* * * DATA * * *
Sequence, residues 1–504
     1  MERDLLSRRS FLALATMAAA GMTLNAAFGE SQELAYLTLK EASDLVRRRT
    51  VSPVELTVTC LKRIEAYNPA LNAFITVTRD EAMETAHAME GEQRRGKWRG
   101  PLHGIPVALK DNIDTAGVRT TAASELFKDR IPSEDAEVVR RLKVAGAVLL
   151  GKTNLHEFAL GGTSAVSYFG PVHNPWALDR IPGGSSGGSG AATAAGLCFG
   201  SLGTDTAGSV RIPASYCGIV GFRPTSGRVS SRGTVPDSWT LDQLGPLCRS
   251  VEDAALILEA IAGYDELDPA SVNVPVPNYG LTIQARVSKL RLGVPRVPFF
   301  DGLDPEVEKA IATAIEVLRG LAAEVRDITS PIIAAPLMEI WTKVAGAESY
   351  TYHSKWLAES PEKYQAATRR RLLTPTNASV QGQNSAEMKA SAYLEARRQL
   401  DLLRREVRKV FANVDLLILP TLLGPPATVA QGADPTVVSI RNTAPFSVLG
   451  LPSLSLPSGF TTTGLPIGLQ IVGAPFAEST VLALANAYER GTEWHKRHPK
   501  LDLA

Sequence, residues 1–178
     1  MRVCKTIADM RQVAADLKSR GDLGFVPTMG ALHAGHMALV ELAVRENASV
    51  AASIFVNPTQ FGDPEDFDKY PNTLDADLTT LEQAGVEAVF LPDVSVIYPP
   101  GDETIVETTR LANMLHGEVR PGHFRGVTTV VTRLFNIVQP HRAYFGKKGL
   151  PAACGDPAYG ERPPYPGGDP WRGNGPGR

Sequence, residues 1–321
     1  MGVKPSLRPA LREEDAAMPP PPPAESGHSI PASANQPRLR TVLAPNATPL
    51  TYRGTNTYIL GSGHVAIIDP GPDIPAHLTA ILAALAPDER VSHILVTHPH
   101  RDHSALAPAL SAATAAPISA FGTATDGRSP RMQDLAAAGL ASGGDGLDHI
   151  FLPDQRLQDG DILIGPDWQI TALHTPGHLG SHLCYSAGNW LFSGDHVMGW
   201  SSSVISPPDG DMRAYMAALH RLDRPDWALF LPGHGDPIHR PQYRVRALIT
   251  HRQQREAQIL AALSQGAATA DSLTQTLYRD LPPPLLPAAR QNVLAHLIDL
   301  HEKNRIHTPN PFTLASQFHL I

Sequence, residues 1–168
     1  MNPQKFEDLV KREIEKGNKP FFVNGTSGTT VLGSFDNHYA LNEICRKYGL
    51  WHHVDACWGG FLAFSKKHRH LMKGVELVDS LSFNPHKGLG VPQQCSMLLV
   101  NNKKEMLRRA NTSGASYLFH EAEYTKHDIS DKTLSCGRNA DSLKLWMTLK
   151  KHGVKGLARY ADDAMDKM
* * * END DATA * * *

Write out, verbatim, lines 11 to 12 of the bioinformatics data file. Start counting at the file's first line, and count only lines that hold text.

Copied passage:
   451  LPSLSLPSGF TTTGLPIGLQ IVGAPFAEST VLALANAYER GTEWHKRHPK
   501  LDLA